The Twenty-Second Sunday of Ordinary Time

Matthew 19:23-30; Mark 10:23-31; Luke 18:24-30

The Danger of Possessions

We continue with yesterday’s account of the “Rich Young Ruler.”  My point then was that this young man is not a bad guy; he’s not a liar or thief or adulterer, or a number of other wicked things.  He’s a man who has done well for himself, worked hard, and made a life.  Most would have nothing but good to say about him.  We might even say that he has lived the “American Dream.”  We would congratulate him.

But there is a deeper longing in this man; the things that surround him aren’t providing him with the happiness he once thought they would.  Houses, lands, money, status, power – they all leave him empty.  He’s probably heard Jesus preach somewhere sometime, and his words struck a chord: “That’s it!  That’s what I’m missing.  If I could know that I shall enter the Kingdom of God – that’s all that is left for me to make my life complete.”  Yes, I’m putting words into this man’s mouth, but do they not seem to describe the state of this man’s mind and soul?

How many people think the Kingdom of God a nice add-on to their lives: Fame, riches, status, and, oh yes, a little of the Kingdom of God as well – sort of like going through the line at the cafeteria, taking some of this and a little bit of that.  Perhaps his heart was more sincere than I’m giving him credit; but still, the Kingdom was not worth what he had gained throughout his life.  For this man, the Kingdom of God is a tack on.

And as he walks away, Jesus says those frightening words, “How difficult it will be for those who have wealth to enter the Kingdom of God!”  And why is this?  Because they are so wicked?  Because they have made their money through deceit and oppression?  No, but because they become ensnared in their wealth.  And this is the trouble with possessions.  Mark records Jesus saying that it is difficult for anyone to enter the Kingdom of God; it just seems harder for the wealthy.  And what of those who have forsaken everything for Christ?  Jesus tells them that those who have cut family ties and forsaken possessions for the Kingdom will receive even more in this life.  More of the same that they left behind?  Sure, in Kingdom terms, that is: brothers and sisters of the Kingdom, houses and lands for Kingdom service.  But let us not forget that Mark adds, “with persecutions.”  Jesus will not allow us to make his Kingdom an add-on to our lives.  He demands surrender.  But remember these words of missionary, Jim Elliot: “He is no fool who gives what he cannot keep, to gain that which he cannot lose.”

Author: The Reformed Baptist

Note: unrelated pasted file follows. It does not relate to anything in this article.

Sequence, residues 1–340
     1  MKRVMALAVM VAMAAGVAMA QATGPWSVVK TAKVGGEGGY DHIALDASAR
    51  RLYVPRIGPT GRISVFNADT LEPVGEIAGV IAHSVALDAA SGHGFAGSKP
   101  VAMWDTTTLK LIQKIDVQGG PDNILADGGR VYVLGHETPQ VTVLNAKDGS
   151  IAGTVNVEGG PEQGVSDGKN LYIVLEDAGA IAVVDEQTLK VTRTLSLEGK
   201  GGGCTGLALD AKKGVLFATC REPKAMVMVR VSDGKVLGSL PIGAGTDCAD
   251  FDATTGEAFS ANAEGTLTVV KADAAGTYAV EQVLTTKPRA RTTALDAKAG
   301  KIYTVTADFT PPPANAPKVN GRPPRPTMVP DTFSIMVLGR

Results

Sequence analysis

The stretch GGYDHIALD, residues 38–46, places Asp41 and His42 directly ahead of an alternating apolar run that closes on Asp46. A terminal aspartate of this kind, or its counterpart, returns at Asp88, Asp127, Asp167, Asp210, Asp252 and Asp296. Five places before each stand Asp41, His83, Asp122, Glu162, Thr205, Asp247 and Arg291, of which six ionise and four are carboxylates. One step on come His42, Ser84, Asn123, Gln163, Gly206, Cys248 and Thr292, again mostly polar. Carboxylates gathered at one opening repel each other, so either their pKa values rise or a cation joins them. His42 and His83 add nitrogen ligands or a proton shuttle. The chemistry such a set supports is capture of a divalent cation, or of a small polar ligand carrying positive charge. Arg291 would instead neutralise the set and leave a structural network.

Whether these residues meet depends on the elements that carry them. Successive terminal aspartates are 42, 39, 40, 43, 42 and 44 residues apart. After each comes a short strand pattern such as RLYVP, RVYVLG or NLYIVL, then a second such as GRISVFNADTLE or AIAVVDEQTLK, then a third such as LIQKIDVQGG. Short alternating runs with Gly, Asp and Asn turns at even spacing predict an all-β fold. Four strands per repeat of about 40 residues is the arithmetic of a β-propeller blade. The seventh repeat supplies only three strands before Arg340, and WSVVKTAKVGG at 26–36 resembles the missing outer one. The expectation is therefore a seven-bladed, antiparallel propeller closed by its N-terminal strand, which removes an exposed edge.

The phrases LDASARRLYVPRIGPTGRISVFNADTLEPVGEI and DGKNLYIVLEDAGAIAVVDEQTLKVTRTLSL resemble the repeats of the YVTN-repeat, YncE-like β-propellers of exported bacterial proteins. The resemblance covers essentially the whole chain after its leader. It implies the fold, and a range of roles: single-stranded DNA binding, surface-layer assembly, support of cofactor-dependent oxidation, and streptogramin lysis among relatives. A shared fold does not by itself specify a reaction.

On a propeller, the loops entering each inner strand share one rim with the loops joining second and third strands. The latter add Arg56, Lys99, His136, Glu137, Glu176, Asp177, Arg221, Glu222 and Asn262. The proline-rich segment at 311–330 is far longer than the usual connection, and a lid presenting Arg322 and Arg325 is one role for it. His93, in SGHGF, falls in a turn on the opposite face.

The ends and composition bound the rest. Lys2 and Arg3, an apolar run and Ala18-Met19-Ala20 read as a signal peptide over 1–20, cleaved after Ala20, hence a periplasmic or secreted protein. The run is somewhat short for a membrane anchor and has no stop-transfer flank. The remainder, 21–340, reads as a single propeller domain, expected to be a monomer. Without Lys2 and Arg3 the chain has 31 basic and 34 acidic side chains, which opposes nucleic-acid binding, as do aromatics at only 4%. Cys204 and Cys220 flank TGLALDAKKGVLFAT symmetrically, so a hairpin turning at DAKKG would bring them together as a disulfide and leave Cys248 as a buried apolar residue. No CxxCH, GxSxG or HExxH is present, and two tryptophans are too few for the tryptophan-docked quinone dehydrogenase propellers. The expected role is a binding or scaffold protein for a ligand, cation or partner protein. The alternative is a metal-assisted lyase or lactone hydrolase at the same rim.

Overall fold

My name is Stephen Taylor, ordained Baptist minister of eighteen years pastoral experience with a Ph.D. in Historical Theology from Southwestern Baptist Theological Seminary in Fort Worth, Texas. Better than that, I am married to a godly woman, Karla, who has been very patient with me since 1989. I have two daughters, both of whom I homeschooled for extended periods of time, who became godly young women, and who ran off and married godly young men, all of which is very proper. The oldest daughter has even seen fit to bless me with a grandson and a granddaughter, and my youngest daughter with a grandson, all three of whom are bundles of exceeding joy. As you can see, I am quite blessed. This website is dedicated to helping people grow in the wisdom and knowledge of our Lord Jesus Christ through the gift of writing that the Lord has given to me. It is specifically about helping His people grow in godliness, the theme you see repeated above. I write devotions with this aim and hope that they might be of some help to God’s people. Full disclosure: I am of a Reformed bent, meaning that my understanding of Scripture is primarily informed by the Reformers and their successors of the sixteenth and seventeenth centuries. However, as a student of church history and theology, I strive to remain true to that teaching handed down once for all unto the saints through every age of the Church. I like to think of myself as a “catholic” Christian, as the Reformers thought of themselves. At any rate, feel free to read, pray, and contact me if you wish, or correct me if need be. As you can see, I tend to follow the church year. Of course, I make no special claims about these devotions. I know very well that others have written better and plumbed the depths of God’s word with greater insight. But if my musings help someone draw closer to the Lord, well then, I have my reward. Blessings to you and may the God and Father of our Lord and Savior Jesus Christ speak to you that word which He knows you especially need to hear. Grace & peace, Stephen Taylor

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